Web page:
Paolo Di Canio joined West Ham United on this day in 1999, exactly 23 years ago, starting a love affair between the Italian forward and the Claret and Blue Army that has endured for two decades.
Di Canio had not played a competitive match since being sent-off and pushing referee Paul Alcock during a Premier League match between Sheffield Wednesday and Arsenal four months previously.
In this excerpt from his autobiography, Di Canio revealed it was the trust of Hammers manager Harry Redknapp that convinced him his future lie in east London, as we look at another moment On This Day in association with Basset & Gold...
Once Sheffield Wednesday made it clear they were releasing me, I had offers to join Bordeaux and AEK Athens – but I wanted to stay in the Premiership. Then West Ham began showing genuine interest and it wasn’t long before personal terms were agreed and a deal was struck with Wednesday for £1.7 million.
Moreno Roggi and I flew up to London on 21 January to sign the contract, iron out the final details and undergo the medical. The West Ham doctor was checking out my knee when my mobile rang. Thing it was [my wife] Betta, I apologised and took the call.
It was Stefano Eranio, my old teammate at AC Milan. He was playing for Derby County and I hadn’t spoken to him in months. The minute he started speaking he was all agitated.
‘Paolo, have you signed yet?’ he asked.
‘No. I really can’t talk now, I’m in the middle of my medical…’
‘Paolo, don’t sign! DON’T SIGN!’
“Listen, Paolo, I’ve got [Derby manager] Jim Smith here, he’s standing right next to me. We have the green light from Sheffield Wednesday, we really want you here at Derby!’
It was true. Derby County were offering one-and-a-half times more than what West Ham were prepared to put on the table. I hadn’t signed anything, so I could have easily accepted their deal instead.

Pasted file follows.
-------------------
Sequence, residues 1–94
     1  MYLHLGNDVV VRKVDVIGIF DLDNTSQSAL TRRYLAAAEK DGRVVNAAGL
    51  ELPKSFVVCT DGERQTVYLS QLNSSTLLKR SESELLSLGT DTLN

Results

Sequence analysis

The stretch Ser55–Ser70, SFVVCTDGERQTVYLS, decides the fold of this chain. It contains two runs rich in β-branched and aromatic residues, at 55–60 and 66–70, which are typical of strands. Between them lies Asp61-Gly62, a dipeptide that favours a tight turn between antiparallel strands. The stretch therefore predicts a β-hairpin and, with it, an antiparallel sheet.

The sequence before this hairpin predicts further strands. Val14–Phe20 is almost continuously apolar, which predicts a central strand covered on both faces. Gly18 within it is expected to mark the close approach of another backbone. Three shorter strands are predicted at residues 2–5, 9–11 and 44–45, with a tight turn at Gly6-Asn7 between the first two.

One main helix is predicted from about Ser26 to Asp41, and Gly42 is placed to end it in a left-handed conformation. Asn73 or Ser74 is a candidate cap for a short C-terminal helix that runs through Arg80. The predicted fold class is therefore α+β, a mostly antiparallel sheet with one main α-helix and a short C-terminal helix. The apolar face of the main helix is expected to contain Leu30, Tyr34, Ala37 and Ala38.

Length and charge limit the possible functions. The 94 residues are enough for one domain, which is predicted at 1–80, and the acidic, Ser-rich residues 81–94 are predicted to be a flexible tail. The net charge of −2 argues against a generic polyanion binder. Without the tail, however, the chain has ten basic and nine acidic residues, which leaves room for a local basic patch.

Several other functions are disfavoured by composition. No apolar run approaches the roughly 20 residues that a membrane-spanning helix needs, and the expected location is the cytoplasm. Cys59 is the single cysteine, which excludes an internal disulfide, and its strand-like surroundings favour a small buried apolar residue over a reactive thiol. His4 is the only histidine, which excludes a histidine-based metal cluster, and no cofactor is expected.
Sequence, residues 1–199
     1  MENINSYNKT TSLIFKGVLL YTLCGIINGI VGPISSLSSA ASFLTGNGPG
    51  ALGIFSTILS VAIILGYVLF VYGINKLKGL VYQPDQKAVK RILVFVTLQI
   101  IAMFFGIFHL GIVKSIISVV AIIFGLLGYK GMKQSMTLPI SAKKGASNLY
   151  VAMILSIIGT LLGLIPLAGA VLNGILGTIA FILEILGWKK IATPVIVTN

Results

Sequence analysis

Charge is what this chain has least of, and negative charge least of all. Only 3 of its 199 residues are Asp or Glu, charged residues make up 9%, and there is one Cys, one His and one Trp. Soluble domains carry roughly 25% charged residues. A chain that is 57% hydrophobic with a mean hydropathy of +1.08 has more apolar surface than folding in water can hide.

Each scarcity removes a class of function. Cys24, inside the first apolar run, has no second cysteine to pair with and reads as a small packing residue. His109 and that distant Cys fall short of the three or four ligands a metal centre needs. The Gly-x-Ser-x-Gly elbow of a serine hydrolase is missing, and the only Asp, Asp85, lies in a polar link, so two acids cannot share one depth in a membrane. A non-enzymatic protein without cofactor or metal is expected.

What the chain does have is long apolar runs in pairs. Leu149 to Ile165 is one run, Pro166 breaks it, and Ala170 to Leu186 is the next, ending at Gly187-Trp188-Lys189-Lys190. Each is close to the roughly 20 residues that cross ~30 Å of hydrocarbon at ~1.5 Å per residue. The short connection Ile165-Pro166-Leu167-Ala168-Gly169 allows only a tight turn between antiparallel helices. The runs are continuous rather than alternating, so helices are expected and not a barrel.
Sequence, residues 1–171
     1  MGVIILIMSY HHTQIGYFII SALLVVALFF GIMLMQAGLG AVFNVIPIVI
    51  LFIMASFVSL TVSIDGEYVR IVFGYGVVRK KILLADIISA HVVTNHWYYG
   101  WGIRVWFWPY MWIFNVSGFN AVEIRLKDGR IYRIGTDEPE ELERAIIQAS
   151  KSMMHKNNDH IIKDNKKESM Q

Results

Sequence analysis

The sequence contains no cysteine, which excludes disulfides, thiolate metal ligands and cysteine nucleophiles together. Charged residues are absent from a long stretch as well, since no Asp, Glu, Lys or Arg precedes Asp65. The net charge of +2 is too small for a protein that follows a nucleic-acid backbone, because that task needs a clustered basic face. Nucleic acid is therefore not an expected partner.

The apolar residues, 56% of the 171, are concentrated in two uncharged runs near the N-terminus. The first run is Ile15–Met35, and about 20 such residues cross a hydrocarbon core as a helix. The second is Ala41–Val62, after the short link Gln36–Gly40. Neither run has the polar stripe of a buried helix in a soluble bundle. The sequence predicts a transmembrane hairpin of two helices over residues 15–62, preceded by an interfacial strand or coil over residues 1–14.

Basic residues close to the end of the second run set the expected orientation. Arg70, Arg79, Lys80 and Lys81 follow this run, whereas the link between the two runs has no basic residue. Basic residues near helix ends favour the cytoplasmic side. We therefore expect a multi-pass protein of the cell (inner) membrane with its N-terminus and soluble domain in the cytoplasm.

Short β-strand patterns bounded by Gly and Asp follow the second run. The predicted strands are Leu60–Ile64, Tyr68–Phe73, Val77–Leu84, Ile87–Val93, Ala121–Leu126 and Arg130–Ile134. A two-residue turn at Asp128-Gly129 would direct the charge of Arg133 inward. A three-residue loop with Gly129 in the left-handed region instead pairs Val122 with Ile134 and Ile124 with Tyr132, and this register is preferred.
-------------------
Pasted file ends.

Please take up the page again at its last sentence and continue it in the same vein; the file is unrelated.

‘I’m sorry, Stefano,’ I said. ‘But if you guys really wanted me that bad, you had three whole months in which to pick up the phone. If Jim Smith really thought I was so important, he could have called me at any time and made me an offer. It’s just too late. I haven’t signed anything, but I have given West Ham my word and to me that is a lot more important. I am not going back on my word.’
With that, I hung up.
There was no way I was going to turn my back on Harry Redknapp. He had the guts to sign me when everybody else in England wanted to crucify me. I trusted him immediately. It’s funny, at that point, when I turned down Derby, I had known him for no longer than a couple of hours, but already I knew that he was on my side.
I have a sixth sense when it comes to people. I like to think I am a ‘street psychologist’. Growing up on the streets, you learn right away what kind of people can be trusted and what kind of people it’s best to steer clear of. Redknapp was one of the former.
I looked at his face and saw someone who had suffered tremendously. He was brought up the hard way and he survived a terrible tragedy [in 1990], barely walking away with his life after a horrific car accident.
People like either become mean and hard-hearted or they become gentle and kind. Redknapp’s eyes told me all I needed to know. He is one of the good ones.
And he is a good manager. Year after year, West Ham do well, despite having very little money. Redknapp knows how to find players and turn them into stars.
Redknapp was also very good with the media. I knew I would have to give a press conference when I signed. It would be the very first time I spoke in public to the British press since the Alcock incident and I feared it could get confrontational. But Redknapp was excellent. He managed to tone everything down.
At West Ham I found a perfect environment.
*Paolo Di Canio: The Autobiography was published by HarperCollins in 2000 and is still available to buy from Amazon.